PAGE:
Secular Liturgies Network and Forum

From Wakefield Westgate Unitarians who are engaging with this initiative.

Welcome to the Secular Liturgies Network and Forum
Our mission is to enrich secular societies with a rational spirituality, informed by the latest research, and expressed in liturgical events that include creative writing, literature, ritual and other art forms.

Our story so far

On 13th July 2018, I launched the Secular Liturgies Creative Writing Project, now called the Secular Liturgies Network and Forum (SLN/F). The Network brings together people from diverse backgrounds to explore potential common ground when it comes developing and creatively expressing a secular ethic, and developing the concept and practice of a rational human spirituality.

Academics and practitioners from across many disciplines will be contributing to this Network and Forum. It will provide an innovative platform for knowledge exchange, communication of cutting-edge research, and experimentation with secular liturgical events.

The aim is to discuss and share writings and art works/forms (new and old), philosophical ideas, cultural heritage and relevant cutting-edge research, in order to develop innovative liturgical events that will help to enrich secular societies, making them more resilient in difficult times, and inspiring us to meet the global challenges of our time.

Rational spirituality

The Network and Forum seek to bring together all those interested in a rational, secular approach to human spirituality, an approach that rejects superstition and dogmatism but seeks to enrich secular life and culture with creative liturgical writings and events.
Spirituality, for most modern people, means a genuine pursuit of truth, goodness or virtue.

It means experiencing awe and wonder, love and self-transcendence, and cultivating empathy and compassion for other living beings. Rational spirituality demands honesty, freedom, tolerance and equality, values running counter to the religious power structures that have been dominant for so long.

It also means rediscovering and better appreciating our place in nature, an emphasis, which contrasts with the efforts of traditional religion to set humanity apart from its natural origins and even to set us apart from the needs of our own physical bodies.

Secular liturgies and carefully choreographed secular liturgical events can help us to live out and express, both individually and communally, a fidelity to truth and kindness, even when truth and kindness demand that we revise our assumptions or put aside our self-interest.

They facilitate a greater appreciation of the natural world (and of our place within it), encourage a robust engagement with secular ethics, induce experiences of self-transcendence through techniques such as mindfulness, cultivate empathy through self-understanding, and build community through regular socialisation at a meaningful depth.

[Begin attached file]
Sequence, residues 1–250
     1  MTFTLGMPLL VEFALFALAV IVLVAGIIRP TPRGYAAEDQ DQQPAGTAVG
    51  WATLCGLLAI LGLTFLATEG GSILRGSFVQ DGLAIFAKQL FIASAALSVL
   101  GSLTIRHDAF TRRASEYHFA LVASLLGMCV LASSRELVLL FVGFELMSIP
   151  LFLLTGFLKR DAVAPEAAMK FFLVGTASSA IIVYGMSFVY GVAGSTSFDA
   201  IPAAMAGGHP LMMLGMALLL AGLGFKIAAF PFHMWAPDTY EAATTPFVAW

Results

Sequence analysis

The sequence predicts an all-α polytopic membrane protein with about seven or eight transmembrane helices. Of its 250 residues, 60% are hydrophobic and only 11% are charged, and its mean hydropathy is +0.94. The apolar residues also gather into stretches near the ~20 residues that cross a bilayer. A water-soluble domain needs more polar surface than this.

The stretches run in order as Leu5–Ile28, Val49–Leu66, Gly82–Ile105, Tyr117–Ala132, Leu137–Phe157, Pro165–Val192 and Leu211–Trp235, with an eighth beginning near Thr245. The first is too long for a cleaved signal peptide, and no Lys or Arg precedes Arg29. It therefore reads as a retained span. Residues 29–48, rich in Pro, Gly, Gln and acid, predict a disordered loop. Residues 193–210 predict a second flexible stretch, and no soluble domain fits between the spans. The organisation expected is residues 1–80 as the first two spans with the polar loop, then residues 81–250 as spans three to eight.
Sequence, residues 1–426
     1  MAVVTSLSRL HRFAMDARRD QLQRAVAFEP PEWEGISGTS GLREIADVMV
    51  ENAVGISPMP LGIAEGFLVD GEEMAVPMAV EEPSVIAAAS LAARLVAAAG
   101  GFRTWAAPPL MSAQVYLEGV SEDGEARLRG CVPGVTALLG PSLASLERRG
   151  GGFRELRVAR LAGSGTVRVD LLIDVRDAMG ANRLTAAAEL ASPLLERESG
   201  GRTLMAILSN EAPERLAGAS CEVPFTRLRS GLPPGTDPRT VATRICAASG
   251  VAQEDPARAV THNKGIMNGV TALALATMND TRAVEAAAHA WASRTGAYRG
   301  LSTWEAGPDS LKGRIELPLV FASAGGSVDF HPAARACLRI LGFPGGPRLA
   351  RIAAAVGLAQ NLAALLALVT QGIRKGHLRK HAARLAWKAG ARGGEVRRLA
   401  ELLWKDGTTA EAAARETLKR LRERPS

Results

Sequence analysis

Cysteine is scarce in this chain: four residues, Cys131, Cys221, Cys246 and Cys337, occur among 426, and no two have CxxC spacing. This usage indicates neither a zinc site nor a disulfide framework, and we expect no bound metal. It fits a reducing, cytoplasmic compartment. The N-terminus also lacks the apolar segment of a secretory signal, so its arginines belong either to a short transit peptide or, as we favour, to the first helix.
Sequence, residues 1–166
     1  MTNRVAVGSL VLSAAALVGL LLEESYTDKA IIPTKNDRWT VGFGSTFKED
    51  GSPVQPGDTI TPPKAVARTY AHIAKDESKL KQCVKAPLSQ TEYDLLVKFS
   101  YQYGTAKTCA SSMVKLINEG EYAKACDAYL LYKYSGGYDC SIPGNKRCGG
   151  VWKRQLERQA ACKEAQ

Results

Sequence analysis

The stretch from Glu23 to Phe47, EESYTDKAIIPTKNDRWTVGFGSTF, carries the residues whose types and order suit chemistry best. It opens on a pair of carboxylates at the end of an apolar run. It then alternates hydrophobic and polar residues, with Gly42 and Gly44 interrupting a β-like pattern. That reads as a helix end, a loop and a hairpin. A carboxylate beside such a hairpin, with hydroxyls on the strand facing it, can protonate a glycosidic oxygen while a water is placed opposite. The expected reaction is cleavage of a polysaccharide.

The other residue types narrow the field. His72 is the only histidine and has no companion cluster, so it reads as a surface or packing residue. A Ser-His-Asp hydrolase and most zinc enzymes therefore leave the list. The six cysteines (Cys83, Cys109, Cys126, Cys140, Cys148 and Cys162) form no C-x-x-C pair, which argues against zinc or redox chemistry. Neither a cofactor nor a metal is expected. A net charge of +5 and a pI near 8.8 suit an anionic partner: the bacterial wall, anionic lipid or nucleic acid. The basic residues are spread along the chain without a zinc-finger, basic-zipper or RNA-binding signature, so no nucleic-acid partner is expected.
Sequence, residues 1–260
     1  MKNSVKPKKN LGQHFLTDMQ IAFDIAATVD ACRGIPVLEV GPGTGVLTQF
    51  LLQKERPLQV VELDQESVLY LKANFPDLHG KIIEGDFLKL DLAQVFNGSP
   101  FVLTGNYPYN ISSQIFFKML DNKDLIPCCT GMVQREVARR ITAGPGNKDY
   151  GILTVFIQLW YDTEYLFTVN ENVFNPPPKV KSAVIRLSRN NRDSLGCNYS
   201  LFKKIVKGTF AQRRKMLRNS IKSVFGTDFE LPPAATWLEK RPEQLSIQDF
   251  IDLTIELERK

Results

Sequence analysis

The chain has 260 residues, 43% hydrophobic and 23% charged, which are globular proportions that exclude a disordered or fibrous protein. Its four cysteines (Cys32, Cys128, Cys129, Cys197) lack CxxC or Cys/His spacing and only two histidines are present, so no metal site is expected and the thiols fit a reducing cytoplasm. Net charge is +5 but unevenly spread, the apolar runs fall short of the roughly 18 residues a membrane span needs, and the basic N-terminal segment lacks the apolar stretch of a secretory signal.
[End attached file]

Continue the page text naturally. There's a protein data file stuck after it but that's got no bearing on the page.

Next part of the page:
Defining secular liturgy

Secular liturgies are writings, and other liturgical expressions such as ritual, meditation and art forms, which are read (or take place) at secular private or public gatherings.

They explore, celebrate and convey the secular values of compassion, truth, freedom, equality, courage, tolerance and responsibility. They also seek to capture and communicate, in creative ways, the latest information and research that can help us to advance well-being and alleviate suffering.

The Network’s definition of liturgy is very broad. Whilst it more obviously includes writings and readings, which are morally and/or intellectually instructive, it also includes words and activities, which are indirectly helpful to us, for example, by creating spaces for reflection or socialisation, or by defining rituals which instil healthy habits, practical wisdom, critical thinking and so forth. A story, a poem, a dance, the process of painting a picture, a journey, a piece of music, a period of silence, and even the shipping forecast- these may all be described as liturgy!

The Nine Themes

These are the Nine Themes for secular liturgical events:

1. Critical Thinking – truth, evidence, research, excellent science, responsibility
2. Good Life – character, empathy, wisdom, courage, virtue, kindness, compassion
3. Good Society – social justice, human rights, individual freedom, equality, democracy
4. Sustainability – our place in nature, green lifestyles, religious naturalism
5. Health and Well-being – reflection, meditation, mindfulness
6. Big Culture – cultural exchange, diversity, comparative philosophy/religion
7. Community – companionship, relationships, humour, fun, friendship
8. Life-Cycles – birth and coming of age celebrations, weddings, funerals
9. Seasons – annual and seasonal events following a secular calendar

Our diverse community